This is a matter worthy of our focused attention


Two years ago, the Evangelical Lutheran Church in America, in its national convention meeting in Minneapolis, approved the ordination of lesbians and gays who were in a same-sex committed relationship.

The media and some other large church bodies were highly critical. The "fuss" has since died down to some extent.

In my opinion, a much larger matter exists for all national denominations and also other religious faiths. I am referring to the worst famine in five decades sweeping over the Horn of Africa and threatening to kill hundreds of thousands.

People have said that we can't really help so many. Others raise questions about the terrorists in Somalia who are stealing gifts and trying to stop aid.

Minneapolis has the largest group of Somali immigrants in the United States, and one of its own is being held on charges connected to the terrorists in his home country.

Those who steal or use terror have to be punished, but we must not and should not use it as an excuse not to aid the children who are dying and who are just as precious in God's sight as our own.

The bishop of the ELCA has sent a letter to every rostered pastor to urge them to get their congregations to help in the huge effort to fight this famine. The Lutheran World Federation (most Lutheran denominations in the world belong to this) are responsible for opening the refugee camps in Kenya that are already serving thousands.

Churches cannot begin to do everything. All of God's people need to work and "push" -- not only their own denominations and congregations, but also the United Nations and our own nation -- to do God's work.

You will be happy and rewarded if you join this effort.


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Wise words about the causes of violence


Regarding the recent violence in Britain and the possibility of unrest in the United States, consider the words of Mohandas Gandhi:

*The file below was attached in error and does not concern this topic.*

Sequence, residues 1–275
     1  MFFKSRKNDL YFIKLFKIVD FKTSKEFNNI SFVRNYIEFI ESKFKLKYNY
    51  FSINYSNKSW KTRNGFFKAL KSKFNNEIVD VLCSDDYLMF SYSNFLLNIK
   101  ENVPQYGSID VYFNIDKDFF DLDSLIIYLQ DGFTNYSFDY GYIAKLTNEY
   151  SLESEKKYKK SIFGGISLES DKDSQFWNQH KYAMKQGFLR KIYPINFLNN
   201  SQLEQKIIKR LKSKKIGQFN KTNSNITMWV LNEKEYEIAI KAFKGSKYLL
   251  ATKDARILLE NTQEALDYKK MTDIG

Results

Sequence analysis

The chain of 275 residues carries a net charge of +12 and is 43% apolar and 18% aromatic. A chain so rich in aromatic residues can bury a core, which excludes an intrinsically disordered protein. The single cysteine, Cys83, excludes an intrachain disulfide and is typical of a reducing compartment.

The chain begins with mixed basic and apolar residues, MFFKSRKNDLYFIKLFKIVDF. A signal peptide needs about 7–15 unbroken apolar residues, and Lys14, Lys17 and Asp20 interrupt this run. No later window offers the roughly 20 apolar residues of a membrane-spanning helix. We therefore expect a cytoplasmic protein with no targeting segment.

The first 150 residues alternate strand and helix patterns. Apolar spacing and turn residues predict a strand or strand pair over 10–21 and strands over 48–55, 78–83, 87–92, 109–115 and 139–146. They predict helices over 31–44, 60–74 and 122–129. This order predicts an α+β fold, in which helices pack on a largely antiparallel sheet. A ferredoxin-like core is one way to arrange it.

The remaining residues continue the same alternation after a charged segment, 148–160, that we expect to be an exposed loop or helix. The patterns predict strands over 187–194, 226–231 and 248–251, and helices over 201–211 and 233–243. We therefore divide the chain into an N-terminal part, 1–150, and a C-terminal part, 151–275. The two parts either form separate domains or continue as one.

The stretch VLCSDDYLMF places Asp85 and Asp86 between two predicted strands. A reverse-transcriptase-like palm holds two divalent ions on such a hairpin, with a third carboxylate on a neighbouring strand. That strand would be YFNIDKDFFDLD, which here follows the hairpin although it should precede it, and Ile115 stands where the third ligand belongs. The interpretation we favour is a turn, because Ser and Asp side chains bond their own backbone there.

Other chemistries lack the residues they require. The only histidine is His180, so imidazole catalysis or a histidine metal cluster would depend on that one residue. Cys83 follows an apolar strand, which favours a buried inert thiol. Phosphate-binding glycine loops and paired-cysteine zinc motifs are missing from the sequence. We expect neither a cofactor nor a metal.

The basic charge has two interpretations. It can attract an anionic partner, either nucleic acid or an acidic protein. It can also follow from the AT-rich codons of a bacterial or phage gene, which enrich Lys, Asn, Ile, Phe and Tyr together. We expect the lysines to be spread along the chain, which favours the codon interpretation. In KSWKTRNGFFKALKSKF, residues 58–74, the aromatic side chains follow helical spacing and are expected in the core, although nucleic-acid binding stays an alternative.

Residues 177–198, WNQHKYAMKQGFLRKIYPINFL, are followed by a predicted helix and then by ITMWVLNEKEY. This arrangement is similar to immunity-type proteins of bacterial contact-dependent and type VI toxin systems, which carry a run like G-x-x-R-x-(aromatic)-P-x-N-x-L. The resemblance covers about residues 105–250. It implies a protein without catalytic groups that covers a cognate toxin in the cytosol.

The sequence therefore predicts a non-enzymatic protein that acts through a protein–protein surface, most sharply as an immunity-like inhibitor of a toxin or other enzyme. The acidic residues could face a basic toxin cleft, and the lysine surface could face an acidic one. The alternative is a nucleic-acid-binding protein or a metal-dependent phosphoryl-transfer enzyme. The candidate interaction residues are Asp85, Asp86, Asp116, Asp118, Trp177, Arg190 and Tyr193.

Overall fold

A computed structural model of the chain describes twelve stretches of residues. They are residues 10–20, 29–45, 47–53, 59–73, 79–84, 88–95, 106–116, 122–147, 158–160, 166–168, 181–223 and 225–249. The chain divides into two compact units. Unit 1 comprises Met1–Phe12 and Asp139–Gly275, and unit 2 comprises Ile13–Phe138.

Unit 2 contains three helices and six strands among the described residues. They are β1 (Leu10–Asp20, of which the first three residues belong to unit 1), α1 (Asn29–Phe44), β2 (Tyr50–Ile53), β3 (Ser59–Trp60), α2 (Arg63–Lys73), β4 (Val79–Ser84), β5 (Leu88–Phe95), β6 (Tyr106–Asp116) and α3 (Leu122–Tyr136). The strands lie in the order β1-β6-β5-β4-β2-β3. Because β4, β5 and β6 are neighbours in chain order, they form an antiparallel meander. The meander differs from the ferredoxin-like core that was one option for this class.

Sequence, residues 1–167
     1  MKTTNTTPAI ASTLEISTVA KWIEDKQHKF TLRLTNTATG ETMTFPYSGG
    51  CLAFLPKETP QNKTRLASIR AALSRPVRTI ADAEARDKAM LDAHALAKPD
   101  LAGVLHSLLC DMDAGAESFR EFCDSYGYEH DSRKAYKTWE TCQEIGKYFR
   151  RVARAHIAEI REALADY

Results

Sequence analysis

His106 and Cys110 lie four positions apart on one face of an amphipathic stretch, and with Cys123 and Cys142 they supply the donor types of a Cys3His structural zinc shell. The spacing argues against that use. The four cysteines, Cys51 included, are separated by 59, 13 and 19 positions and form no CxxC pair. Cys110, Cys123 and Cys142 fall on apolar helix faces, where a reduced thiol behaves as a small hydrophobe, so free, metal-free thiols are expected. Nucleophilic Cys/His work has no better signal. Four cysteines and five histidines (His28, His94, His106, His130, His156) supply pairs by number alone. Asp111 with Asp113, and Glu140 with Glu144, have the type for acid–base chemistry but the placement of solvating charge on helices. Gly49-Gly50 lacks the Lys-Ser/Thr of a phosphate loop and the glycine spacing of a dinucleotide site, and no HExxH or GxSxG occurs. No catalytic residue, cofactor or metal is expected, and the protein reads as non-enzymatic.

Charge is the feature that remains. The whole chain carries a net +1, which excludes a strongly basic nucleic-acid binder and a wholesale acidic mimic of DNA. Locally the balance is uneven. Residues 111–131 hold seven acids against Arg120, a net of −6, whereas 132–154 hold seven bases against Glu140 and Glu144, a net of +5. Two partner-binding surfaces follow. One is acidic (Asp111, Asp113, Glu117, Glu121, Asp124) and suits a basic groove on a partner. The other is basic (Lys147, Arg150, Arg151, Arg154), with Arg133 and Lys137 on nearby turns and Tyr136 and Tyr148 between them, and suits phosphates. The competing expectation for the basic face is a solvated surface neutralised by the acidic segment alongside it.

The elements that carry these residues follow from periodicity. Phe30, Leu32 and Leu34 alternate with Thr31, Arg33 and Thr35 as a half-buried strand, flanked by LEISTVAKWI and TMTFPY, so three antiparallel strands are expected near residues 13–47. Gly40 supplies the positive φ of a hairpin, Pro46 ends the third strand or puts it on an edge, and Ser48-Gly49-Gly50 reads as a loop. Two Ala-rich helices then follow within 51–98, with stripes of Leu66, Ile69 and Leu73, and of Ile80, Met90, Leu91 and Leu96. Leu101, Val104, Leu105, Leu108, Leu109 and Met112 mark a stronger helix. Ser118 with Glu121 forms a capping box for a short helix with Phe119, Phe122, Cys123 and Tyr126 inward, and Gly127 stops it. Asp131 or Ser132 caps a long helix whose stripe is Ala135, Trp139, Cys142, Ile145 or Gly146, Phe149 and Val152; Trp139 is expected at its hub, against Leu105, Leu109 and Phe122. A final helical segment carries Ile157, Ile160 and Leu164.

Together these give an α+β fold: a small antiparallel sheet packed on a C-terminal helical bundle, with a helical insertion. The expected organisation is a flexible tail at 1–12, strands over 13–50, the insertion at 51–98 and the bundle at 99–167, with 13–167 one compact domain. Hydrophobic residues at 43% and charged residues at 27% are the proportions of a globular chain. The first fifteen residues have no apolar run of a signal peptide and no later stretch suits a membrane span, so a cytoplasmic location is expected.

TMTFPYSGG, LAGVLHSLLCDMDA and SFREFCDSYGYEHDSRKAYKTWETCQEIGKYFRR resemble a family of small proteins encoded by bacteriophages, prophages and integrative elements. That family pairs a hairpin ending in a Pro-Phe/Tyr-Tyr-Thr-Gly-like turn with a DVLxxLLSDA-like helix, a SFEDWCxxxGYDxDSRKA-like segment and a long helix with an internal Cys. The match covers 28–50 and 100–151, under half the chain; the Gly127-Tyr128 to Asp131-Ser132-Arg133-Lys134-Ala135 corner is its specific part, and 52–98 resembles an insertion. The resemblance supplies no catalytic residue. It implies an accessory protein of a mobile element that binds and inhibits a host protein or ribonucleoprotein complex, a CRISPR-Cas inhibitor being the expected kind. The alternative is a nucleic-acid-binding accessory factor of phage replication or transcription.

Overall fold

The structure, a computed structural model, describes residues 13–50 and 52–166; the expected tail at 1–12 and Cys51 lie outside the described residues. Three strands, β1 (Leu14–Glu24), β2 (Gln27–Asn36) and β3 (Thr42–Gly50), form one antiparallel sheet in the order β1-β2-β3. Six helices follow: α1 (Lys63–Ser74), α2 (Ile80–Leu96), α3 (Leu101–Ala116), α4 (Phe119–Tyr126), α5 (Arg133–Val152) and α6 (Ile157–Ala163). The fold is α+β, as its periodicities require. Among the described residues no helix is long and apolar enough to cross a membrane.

The Roots of Violence

Wealth without work,

Pleasure without conscience,

Knowledge without character,

Commerce without morality,

Science without humanity,

Worship without sacrifice,

Politics without principles."


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Liberal basher attempts statistical analysis


The Aug. 19 commentary by Deroy Murdock ("Silly rich liberals just love taxes") attacks Warren Buffett's view that the ultra-rich are not paying their share of taxes. A casual look makes one think that this is a serious statistical argument.

But it is the usual peaches-vs.-pears analysis. Murdock divides the taxpaying population by the percent of people, but the taxes paid by the percent of all tax dollars.

This is silly. I suspect that the lowest 1 percent of working people pay no taxes, but no rational person would consider this unfair.

The complaint that Buffett and friends could just voluntarily pay more taxes is also silly. I would wager that Buffett gives more money away to charity in a year than Murdock makes in a lifetime.

The real crime is that the administration of George W. Bush insisted in lowering taxes during a time of war. If my memory of history is not failing, this irresponsible act was unprecedented in U.S. history, regardless of which party controlled the White House.


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If 'Bachmann' is in the headline, will you read?


One of the scariest things about a Michele Bachmann candidacy is not the slight possibility that she could be elected, but rather her disproportionate effect on our already degraded political process.

George Orwell's "1984" describes an impoverished language called Newspeak that features thought-terminating clichés, wherein "the most far-reaching and complex of human problems are compressed into brief, highly reductive, definitive-sounding phrases, easily memorized and easily expressed.

These become the start and finish of any ideological analysis." To be with the small crowd on Bachmann's bandwagon means one has checked one's critical thinking at the time of boarding. How sad for our nation.


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Friday's Letter of the Day ("Since miracles are on the campaign agenda ...") was the most ignorant letter the Star Tribune has ever featured. Cheaper gas is a reality if restrictions on drilling are lifted in the United States. Also, more drilling in America means more jobs. But this sounds too good to be true -- I'm gonna stick with the guy who promised 8 percent unemployment and will likely have us at 10 percent unemployment and an 8,000 Dow come November of next year.


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Thursday's Opinion Exchange compilation ("America, meet Rick Perry") brought together six commentary excerpts, all with a negative view of the new Republican candidate. The seventh expressed dismay at Perry's avoidance of the press and opinion writers.

Gosh, I wonder why?